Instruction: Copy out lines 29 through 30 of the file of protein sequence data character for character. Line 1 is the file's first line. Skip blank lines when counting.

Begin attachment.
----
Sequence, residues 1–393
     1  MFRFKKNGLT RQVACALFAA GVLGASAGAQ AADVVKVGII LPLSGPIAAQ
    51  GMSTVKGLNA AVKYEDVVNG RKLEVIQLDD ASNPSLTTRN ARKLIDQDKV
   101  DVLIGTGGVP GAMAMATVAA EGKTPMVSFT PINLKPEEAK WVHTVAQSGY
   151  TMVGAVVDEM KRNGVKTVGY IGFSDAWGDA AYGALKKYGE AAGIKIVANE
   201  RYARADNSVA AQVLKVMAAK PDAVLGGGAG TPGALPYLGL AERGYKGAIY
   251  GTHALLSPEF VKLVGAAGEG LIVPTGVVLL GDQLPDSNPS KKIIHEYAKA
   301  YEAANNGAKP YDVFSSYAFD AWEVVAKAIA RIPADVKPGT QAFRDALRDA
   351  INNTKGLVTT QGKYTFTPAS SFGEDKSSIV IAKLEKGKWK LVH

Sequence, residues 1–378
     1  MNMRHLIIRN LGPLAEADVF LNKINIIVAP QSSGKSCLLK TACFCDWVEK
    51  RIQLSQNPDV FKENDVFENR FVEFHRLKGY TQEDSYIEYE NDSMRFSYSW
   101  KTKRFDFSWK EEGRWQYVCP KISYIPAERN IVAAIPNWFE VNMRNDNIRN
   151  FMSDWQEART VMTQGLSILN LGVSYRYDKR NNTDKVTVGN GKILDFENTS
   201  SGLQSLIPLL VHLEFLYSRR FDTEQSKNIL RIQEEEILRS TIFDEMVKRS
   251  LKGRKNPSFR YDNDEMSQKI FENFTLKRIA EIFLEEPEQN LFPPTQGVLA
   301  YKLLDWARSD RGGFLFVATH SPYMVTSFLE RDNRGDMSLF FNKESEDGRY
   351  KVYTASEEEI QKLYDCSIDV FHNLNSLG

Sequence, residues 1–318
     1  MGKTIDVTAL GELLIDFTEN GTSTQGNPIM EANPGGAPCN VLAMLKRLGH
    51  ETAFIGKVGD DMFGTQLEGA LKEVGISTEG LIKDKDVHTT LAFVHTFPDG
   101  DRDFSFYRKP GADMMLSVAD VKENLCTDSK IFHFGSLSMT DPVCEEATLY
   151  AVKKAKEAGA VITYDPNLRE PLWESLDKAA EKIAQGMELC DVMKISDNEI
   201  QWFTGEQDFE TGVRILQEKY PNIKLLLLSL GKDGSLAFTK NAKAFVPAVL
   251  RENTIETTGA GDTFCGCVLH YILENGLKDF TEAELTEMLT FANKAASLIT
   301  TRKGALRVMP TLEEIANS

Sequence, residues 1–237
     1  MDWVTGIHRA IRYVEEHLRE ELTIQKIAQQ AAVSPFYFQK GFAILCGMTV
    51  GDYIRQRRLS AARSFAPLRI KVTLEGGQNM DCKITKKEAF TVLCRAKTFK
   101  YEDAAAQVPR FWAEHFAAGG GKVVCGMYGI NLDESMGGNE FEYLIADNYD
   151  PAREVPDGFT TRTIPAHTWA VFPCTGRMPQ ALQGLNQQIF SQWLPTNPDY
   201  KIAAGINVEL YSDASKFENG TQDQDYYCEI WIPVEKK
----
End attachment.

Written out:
    51  GDYIRQRRLS AARSFAPLRI KVTLEGGQNM DCKITKKEAF TVLCRAKTFK
   101  YEDAAAQVPR FWAEHFAAGG GKVVCGMYGI NLDESMGGNE FEYLIADNYD